The initial primary purpose of running the network was the ability to monitor the top of the mud at all times, even in significant loss situations. As real-time data was acquired it became apparent that the data could also be used in real-time to aid and help quantify the actual downhole pressures. The use of this downhole data was modified and new calculations designed for simpler visualization of equivalent circulating densities at the shoe, bit and identified weak zones in the well at depths beyond the acoustic tools themselves. This data was used to manage the bottom hole pressure within a 300 psi mud weight window to ultimately enable the well to be delivered to planned TD.
The tool and calculations helped verify managed pressure connections and subsequent pump ramp up and down operations to minimize pressure fluctuations in the well. Additionally the data was used during dynamic formation integrity testing and to measure and calculate ECD at various positions along the drillstring and casing when downhole PWD measurements were unavailable.
This paper will describe how the implementation of new technology through the downhole acoustic network was deployed and the lessons learned in how the real-time data was used, changed and adapted in this particular well. Due to this deployment the acoustic telemetry network will now be used on upcoming equally challenging wells and its range of operations expanded to include drilling, tripping and liner cementing operations.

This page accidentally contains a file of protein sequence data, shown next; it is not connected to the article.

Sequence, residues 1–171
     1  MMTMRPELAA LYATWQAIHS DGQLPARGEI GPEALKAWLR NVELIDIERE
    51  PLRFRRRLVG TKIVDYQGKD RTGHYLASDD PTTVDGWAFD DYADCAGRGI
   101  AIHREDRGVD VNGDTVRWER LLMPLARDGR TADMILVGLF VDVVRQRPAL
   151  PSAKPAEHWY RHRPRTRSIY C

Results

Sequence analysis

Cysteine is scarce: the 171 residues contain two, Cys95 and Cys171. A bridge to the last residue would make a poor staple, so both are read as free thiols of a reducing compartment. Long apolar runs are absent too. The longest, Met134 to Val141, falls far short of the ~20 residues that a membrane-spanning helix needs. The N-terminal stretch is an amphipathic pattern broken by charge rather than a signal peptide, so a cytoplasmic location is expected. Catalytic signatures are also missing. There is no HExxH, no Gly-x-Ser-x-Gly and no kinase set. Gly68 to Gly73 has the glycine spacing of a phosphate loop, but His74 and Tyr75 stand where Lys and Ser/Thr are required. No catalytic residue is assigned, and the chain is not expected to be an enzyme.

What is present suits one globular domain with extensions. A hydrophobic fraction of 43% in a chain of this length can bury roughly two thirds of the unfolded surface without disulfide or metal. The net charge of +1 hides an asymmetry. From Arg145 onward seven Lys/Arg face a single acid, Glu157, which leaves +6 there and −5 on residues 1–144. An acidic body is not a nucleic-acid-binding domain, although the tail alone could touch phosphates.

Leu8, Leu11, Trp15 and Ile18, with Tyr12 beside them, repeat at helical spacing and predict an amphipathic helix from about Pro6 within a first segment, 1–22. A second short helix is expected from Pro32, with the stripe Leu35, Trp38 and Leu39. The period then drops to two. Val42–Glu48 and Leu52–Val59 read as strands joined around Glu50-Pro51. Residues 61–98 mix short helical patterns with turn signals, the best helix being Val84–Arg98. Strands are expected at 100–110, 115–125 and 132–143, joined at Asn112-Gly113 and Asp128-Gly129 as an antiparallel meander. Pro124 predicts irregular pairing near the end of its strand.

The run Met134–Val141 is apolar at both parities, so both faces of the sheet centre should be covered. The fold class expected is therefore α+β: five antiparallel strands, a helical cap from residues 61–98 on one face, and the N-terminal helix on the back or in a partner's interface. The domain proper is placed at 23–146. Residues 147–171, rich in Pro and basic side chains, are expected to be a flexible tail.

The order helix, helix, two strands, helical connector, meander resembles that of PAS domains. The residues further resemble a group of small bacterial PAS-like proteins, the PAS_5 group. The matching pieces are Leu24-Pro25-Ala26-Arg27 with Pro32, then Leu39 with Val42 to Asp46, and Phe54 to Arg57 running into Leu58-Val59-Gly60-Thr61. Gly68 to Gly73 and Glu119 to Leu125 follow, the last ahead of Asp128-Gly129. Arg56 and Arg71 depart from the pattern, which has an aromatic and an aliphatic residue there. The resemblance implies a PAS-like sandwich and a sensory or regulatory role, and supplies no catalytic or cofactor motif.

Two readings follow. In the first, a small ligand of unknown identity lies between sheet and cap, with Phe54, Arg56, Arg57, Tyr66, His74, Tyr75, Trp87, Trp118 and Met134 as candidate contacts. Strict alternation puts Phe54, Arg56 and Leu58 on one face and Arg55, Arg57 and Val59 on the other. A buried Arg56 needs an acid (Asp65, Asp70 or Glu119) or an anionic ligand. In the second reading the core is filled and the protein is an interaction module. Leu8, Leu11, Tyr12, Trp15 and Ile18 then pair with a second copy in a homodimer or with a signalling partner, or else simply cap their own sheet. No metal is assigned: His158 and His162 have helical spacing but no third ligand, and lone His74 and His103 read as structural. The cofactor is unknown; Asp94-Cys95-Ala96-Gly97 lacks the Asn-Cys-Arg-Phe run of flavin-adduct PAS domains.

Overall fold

Following the significant reservoir depletion on Elgin / Franklin fields since 2007, drilling infill wells was considered to not only be high cost but also carry a high probability of failure to reach the well objective. The recent campaign on the Elgin field, one of the most heavily depleted reservoirs worldwide, demonstrated that infill drilling can be achieved safely while improving performance.
Drilling of HPHT infill wells on the Elgin field faced increasing challenges arising from the reduction of reservoir pressure that changed the stresses in the formations above and influenced the overall pressure regime. This stress reorganization in the overburden has affected the fracture network in these formations resulting in reduction in Fracture Initiation Pressure (FIP) and increase of gas levels.
Challenges were faced during the drilling of three wells in the 2015-2017 campaign. Loss events in Chalk formations in the intermediate sections significantly decreased the already Narrow Mud Weight Window (NMWW). A strategy to define and validate the minimum required MWW in 12-1/2" and 8-1/2" sections was developed following a complex subsurface well control event. Managed Pressure Drilling (MPD) technique was extensively used to safely manage gas levels and assess pore pressure.
Reservoir entry with more than 850 bar of overbalance remains the main challenge in infill drilling. A total loss event during first reservoir entry in the latest campaign confirmed the limitations of wellbore strengthening mud and stress caging materials available today.
Lessons learned from each well in this campaign were implemented to address these challenges and improve performance. This paper describes the Elgin HP/HT infill drilling experience and the specific techniques and practices that were developed to address these challenges and improve performance. The importance of Equivalent Circulating Density (ECD) management with very narrow MWW, successful high gas level management with MPD and depleted reservoir entry, shows that even in a highly complex environment, drilling performance can be improved allowing for further economical development drilling. The successful and safe delivery of the Elgin 2015-2017 infill drilling campaign demonstrates this at a time the industry moves toward unlocking the reserves of more challenging HPHT fields.